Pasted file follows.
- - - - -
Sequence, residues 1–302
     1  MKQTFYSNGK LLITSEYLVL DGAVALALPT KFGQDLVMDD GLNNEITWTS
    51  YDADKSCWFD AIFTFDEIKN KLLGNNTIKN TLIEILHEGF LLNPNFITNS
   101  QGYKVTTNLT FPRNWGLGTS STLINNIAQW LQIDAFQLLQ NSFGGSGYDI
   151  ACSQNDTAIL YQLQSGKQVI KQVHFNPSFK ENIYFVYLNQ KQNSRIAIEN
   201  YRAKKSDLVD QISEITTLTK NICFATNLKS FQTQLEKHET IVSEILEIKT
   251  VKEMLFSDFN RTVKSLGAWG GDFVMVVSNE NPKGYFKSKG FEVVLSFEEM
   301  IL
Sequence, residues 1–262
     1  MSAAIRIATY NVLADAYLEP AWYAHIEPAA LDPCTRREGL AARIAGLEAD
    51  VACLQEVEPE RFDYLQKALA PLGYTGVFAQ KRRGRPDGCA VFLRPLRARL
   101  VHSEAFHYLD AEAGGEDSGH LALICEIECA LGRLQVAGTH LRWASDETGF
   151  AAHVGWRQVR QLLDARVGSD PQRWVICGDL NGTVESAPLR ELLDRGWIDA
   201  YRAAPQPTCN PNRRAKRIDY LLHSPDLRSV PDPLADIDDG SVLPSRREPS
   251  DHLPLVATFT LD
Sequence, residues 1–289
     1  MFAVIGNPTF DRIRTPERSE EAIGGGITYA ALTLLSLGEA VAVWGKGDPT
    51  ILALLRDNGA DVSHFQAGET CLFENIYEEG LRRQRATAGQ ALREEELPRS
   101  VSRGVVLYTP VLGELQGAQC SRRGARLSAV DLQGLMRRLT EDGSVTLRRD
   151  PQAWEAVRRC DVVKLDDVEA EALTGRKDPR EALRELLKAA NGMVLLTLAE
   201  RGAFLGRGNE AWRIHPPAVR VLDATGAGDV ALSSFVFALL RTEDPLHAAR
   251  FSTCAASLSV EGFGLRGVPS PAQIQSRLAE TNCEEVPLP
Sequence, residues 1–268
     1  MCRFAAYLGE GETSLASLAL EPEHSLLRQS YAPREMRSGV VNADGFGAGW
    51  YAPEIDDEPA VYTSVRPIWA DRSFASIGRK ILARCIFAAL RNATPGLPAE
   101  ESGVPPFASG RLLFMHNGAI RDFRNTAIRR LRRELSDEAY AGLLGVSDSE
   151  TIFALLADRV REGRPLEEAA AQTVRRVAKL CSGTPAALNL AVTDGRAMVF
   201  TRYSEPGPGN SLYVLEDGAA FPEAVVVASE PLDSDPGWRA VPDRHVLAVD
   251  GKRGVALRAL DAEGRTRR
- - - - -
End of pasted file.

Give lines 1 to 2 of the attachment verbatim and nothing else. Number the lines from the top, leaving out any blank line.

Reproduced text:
Sequence, residues 1–302
     1  MKQTFYSNGK LLITSEYLVL DGAVALALPT KFGQDLVMDD GLNNEITWTS